This is an open-label, multicenter Phase 1b/2 study to determine the MTD and/or RP2D of ARRY-382 in combination with pembrolizumab in adult patients with selected advanced solid tumors (Part A), to assess the pharmacodynamic effects of the combination and to describe the preliminary antitumor activity of the combination in patients with advanced unresectable/metastatic melanoma (Part B), and to estimate the efficacy of the combination in patients with PD-L1¿positive NSCLC (Part C).
This randomized, open-label study will evaluate the safety and efficacy of atezolizumab (an engineered anti-programmed death-ligand 1 [PD-L1] antibody) in combination with carboplatin+paclitaxel with or without bevacizumab compared with treatment with carboplatin+paclitaxel+bevacizumab in chemotherapy-naïve participants with Stage IV non-squamous NSCLC. Participants will be randomized in a 1:1:1 ratio to Arm A (Atezolizumab+Carboplatin+Paclitaxel), Arm B (Atezolizumab+Carboplatin+Paclitaxel+Bevacizumab), or Arm C (Carboplatin+Paclitaxel+Bevacizumab).
The proteasome is a multicatalytic proteinase complex that is responsible for degradation of a
wide variety of protein substrates within normal and transformed cells. Intracellular proteins
targeted for degradation by the proteasome are first ubiquitinated via the ubiquitin conjugation
system. Ubiquitinated proteins are cleaved within the proteasome by one or more of three
separate threonine protease activities: a chymotrypsin-like activity, a trypsin-like activity, and a caspase-like activity. Carfilzomib (PR-171) is a tetrapeptide ketoepoxide-based inhibitor specific for the chymotrypsin-like active site of the 20S proteasome.
Carfilzomib has not yet been evaluated in children. It will be a phase I combination study
looking at carfilzomib in combination with a standard chemotherapy backbone for both solid
tumors/lymphomas and leukemias. Solid tumors/lymphomas and leukemias will be analyzed and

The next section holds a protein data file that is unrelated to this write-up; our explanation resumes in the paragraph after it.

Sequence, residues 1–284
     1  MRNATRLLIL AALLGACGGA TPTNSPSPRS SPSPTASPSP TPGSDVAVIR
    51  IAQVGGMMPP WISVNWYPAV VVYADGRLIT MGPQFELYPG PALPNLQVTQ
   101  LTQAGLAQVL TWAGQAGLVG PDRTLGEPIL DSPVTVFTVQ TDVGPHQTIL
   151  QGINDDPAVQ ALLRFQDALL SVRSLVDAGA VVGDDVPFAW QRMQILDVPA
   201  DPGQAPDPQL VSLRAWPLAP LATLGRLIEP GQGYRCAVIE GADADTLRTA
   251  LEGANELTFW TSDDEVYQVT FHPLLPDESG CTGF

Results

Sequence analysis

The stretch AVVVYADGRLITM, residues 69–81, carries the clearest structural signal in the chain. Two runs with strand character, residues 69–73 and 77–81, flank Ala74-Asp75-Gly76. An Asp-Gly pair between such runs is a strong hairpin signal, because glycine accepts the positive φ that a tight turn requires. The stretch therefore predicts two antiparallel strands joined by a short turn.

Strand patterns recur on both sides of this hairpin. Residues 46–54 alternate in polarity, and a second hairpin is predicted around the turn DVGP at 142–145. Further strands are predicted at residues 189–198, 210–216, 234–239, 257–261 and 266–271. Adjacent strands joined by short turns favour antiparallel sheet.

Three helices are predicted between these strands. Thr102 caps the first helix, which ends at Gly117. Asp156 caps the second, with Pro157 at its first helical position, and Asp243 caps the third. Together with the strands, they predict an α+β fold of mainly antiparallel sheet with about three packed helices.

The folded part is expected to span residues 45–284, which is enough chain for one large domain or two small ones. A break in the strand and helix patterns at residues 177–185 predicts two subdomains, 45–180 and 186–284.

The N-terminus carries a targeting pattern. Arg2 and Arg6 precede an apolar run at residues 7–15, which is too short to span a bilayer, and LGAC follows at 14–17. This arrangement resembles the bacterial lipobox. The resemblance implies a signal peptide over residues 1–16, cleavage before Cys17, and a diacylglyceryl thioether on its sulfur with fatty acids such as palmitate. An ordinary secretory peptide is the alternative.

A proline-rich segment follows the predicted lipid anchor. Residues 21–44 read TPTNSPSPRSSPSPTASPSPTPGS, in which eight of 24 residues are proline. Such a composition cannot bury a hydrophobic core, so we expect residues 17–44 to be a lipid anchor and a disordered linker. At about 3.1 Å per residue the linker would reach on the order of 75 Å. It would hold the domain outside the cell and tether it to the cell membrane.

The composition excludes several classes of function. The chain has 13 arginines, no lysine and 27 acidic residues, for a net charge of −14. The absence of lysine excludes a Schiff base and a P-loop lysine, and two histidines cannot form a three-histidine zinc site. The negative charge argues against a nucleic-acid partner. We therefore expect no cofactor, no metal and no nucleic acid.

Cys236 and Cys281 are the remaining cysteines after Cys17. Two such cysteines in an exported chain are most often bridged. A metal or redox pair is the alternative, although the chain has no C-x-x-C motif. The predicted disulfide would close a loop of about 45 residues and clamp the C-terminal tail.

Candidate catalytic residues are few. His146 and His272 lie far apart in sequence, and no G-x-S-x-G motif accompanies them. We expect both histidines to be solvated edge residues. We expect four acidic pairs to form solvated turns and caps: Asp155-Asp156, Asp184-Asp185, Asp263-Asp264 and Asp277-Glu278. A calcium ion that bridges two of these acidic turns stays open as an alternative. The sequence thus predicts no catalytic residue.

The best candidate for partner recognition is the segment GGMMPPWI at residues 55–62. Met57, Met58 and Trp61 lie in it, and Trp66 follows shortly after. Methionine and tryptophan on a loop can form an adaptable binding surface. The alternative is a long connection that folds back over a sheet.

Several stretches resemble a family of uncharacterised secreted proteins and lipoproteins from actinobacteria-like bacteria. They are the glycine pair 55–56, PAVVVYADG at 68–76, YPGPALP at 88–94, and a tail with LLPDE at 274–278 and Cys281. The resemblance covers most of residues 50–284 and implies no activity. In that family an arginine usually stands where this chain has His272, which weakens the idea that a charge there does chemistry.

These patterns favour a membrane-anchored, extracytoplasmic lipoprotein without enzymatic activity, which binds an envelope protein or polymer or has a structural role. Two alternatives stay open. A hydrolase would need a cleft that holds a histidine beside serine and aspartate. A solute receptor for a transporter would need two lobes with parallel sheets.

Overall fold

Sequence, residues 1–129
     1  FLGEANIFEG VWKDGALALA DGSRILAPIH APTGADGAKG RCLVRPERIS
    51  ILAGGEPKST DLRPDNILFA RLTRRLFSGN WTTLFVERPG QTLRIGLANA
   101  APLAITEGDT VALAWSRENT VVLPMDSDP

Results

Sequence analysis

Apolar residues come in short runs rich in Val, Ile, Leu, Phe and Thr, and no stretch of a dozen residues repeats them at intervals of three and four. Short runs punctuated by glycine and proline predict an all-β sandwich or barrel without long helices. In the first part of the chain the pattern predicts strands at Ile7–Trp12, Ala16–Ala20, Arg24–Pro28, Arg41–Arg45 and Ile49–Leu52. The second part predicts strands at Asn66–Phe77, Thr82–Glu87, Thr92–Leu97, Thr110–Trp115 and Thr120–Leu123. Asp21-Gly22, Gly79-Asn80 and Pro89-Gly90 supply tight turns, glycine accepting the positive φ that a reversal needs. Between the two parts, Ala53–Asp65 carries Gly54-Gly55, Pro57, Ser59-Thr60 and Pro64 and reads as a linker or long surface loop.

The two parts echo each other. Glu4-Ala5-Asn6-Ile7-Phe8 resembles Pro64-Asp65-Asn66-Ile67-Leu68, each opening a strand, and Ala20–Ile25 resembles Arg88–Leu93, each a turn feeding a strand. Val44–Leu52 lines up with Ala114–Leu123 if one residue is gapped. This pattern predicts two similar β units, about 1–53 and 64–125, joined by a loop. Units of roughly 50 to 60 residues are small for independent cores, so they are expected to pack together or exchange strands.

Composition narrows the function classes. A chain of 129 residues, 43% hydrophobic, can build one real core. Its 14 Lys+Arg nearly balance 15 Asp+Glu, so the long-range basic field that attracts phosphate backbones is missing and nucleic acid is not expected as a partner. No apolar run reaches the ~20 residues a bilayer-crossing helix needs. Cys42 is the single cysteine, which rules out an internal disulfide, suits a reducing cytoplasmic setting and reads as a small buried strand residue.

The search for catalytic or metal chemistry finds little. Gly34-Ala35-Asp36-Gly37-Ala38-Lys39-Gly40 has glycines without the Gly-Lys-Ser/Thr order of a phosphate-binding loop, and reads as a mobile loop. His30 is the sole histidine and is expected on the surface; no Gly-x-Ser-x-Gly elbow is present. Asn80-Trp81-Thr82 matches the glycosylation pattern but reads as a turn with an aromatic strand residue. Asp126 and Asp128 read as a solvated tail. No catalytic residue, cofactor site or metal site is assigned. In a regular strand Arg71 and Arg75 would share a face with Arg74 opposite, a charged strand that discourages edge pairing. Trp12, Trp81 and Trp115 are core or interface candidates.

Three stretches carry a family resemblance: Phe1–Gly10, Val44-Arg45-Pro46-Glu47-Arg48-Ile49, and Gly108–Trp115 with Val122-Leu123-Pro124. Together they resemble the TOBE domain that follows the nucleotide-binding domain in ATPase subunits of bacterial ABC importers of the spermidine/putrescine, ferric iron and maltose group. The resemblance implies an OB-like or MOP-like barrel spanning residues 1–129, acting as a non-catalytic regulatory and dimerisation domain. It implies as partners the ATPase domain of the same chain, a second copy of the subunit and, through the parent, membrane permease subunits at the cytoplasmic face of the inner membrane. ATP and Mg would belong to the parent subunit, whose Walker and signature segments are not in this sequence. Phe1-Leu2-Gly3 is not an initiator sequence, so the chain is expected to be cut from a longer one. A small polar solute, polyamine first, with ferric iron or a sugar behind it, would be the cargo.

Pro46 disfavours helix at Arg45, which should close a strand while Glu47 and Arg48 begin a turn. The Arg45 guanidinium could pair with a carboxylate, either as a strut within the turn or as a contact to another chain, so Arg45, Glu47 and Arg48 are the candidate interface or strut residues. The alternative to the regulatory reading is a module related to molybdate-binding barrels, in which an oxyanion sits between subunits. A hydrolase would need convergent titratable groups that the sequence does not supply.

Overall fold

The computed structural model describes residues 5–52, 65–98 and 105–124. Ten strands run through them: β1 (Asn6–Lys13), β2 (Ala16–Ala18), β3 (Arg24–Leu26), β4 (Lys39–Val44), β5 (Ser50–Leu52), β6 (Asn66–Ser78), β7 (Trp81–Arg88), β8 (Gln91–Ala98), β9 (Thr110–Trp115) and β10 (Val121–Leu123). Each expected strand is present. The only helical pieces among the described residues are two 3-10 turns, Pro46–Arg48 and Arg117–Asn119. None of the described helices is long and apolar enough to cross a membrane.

dose-escalated independently as separate cohorts.
The backbone will consist of cyclophosphamide and etoposide, both given daily for 5 days. The
rationale for use of this backbone includes the following: 1) As described above, in vitro studies have shown synergy of carfilzomib in combination with etoposide and other studies have evaluated synergy between cyclophosphamide and proteasome inhibitors; 2) Both cyclophosphamide and etoposide are active agents in pediatric leukemias [both lymphoid and myeloid] and solid tumors; 3) The combination has been used as a standard regimen to treat both solid tumors and leukemias; 4) Because of extensive experience with this regimen, the baseline toxicities are well known. This will be crucial in distinguishing toxicities of the backbone versus the carfilzomib; 5) There are multiple current adult combination trials with carfilzomib, some of which include cyclophosphamide or etoposide; 6) By the time of study enrollment, patients often will have received the maximum cumulative doses of anthracyclines, ruling out the use of anthracycline-containing treatment regimens; 7) Because of the rapid clearance in vivo in adult trials, it is thought that giving carfilzomib back-to-back with the standard chemotherapy will maximize synergy. Since the cyclophosphamide and etoposide regimen is given daily for 5 days, it can be given on the same days as the carfilzomib, utilizing the 5-day dosing schedule of theinitial Phase I adult carfilzomib trial.
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